The success of our Digital Tools Summer School, that takes place annually online and in person, owes much to the expertise of Dr. Cornelis Stal, Lecturer at the Ghent University College (Department of Real Estate and Land Surveying), and Visiting Professor at the Ghent University (Department of Geography) with a significant experience in the field.

This year’s graduates are already putting their newfound expertise into action, ensuring the preservation of iconic sites for future generations.


HERITΛGE is already receiving applications for next year’s summer school and is still accepting applications for its Certificate in Digital Tools for Cultural Heritage Management, let by Dr. Stal and run in cooperation with HOGENT University.

What can cultural heritage do for business in Africa?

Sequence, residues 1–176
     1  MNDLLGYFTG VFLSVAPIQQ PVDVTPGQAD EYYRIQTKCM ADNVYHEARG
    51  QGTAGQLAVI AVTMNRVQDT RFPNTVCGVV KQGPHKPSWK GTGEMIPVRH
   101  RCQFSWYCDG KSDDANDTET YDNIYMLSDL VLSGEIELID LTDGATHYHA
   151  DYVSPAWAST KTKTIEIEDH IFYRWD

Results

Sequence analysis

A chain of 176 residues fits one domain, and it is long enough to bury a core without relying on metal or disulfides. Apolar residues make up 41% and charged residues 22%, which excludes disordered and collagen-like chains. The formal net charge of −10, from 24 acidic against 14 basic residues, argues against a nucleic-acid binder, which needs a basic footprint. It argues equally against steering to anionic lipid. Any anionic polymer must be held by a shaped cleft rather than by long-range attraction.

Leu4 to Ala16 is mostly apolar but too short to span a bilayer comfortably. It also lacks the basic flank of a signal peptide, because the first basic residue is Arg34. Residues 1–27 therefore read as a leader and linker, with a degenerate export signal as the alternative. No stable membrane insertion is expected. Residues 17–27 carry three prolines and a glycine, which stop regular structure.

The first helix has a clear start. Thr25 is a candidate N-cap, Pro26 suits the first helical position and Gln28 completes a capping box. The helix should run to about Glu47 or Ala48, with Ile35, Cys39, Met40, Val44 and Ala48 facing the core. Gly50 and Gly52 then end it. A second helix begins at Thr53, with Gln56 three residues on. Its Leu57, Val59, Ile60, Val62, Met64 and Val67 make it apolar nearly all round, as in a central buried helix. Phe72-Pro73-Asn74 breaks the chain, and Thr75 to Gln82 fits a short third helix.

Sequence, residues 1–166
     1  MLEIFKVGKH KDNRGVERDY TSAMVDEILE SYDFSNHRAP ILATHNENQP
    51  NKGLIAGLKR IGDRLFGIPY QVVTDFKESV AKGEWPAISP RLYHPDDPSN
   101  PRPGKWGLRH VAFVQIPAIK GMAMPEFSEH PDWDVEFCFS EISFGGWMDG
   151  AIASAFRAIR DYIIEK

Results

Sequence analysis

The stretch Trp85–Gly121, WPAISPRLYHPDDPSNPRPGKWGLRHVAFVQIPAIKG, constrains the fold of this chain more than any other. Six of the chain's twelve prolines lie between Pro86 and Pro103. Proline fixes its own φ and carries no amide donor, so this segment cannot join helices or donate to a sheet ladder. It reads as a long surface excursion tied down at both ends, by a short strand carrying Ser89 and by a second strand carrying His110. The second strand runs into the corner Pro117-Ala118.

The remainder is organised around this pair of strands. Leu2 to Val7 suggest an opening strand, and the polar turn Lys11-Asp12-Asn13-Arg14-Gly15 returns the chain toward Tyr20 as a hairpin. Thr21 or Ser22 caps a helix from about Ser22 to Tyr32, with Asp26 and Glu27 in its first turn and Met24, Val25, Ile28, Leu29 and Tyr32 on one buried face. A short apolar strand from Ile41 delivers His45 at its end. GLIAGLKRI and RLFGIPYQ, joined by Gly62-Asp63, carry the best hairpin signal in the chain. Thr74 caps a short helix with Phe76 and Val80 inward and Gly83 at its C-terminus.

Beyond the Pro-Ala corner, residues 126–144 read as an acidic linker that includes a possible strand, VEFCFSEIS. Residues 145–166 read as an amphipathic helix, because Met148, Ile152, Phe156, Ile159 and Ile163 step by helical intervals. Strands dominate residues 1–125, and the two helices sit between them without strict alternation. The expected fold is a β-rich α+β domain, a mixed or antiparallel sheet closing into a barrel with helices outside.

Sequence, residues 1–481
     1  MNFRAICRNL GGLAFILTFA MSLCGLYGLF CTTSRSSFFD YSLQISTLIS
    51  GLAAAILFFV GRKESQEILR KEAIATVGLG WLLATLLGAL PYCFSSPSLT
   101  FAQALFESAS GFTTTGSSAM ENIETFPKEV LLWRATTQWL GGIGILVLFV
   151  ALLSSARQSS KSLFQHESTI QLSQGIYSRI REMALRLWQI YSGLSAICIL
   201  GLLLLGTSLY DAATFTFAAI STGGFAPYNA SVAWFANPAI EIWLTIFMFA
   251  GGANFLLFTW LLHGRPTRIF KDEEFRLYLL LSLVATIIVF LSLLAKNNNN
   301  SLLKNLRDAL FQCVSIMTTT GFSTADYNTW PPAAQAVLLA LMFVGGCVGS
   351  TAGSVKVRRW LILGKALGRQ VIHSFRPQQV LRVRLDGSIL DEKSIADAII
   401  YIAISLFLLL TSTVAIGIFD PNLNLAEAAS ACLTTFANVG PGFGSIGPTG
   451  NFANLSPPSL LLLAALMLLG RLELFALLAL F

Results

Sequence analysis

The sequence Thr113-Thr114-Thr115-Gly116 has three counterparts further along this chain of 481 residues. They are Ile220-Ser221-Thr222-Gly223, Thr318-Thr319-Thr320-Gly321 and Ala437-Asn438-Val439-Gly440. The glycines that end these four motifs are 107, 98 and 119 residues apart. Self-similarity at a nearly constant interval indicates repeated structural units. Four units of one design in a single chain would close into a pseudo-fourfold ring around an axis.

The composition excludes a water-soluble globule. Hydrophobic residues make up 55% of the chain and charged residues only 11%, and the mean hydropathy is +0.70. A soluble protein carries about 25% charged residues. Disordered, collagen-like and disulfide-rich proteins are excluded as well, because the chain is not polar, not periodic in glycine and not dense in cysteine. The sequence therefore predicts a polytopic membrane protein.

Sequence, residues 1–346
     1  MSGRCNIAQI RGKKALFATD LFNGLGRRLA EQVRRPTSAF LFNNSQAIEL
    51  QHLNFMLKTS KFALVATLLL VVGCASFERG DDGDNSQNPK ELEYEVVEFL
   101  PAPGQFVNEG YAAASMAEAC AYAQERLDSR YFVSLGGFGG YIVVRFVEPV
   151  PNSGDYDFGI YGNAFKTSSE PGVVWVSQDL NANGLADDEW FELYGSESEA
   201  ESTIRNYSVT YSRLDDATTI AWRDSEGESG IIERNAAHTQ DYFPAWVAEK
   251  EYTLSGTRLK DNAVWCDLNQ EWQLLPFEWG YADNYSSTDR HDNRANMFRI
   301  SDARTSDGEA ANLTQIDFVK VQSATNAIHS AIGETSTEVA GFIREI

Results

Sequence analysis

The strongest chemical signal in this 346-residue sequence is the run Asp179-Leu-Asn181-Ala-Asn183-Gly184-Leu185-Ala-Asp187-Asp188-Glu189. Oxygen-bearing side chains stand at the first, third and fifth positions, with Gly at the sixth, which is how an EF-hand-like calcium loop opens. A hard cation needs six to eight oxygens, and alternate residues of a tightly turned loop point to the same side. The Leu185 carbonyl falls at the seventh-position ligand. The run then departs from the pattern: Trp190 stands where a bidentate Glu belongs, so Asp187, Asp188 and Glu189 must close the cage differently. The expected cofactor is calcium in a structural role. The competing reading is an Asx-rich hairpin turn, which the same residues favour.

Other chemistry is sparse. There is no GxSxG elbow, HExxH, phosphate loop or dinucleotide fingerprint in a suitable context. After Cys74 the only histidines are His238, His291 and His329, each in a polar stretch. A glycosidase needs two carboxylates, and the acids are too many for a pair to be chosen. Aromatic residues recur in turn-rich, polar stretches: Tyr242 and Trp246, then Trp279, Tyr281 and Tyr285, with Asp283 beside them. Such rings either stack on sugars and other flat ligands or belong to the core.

WIA, Heritage, Webinar, Business, Poster

WIA Webinar Poster

HERITΛGE celebrated African Heritage Day on May 5th by taking part in an online webinar organized by the Women in Africa Initiative (WIA). WIA is the leading international platform for the economic development and support of African women entrepreneurs and, accordingly, the topic under discussion was whether preserving a country’s heritage assets can serve as the basis for building a successful business.

Dr. Evangelos Kyriakidis, HERITΛGE Director, and the organization’s Head of Africa Programmes, Mina Morou, both contributed to the webinar which was moderated by Oluwatoyin Adegbite-Moore, Founder & CEO of Nigeria’s SHEAFAM & TAM, a consulting business, and Executive Vice-President for Africa & Europe, for financial services company REACH HQ.

They were joined on the panel by Harriet Ng’Ok, Founder of Harriet’s Botanicals and HERITΛGE alumna, and Zaahirah Muthy, Founder OF ZeeArts Gallery, philanthropist, artist activist, and WIA Ambassador.

Adegbite-Moore kicked off the discussion by asking whether heritage can help business and how can business help heritage.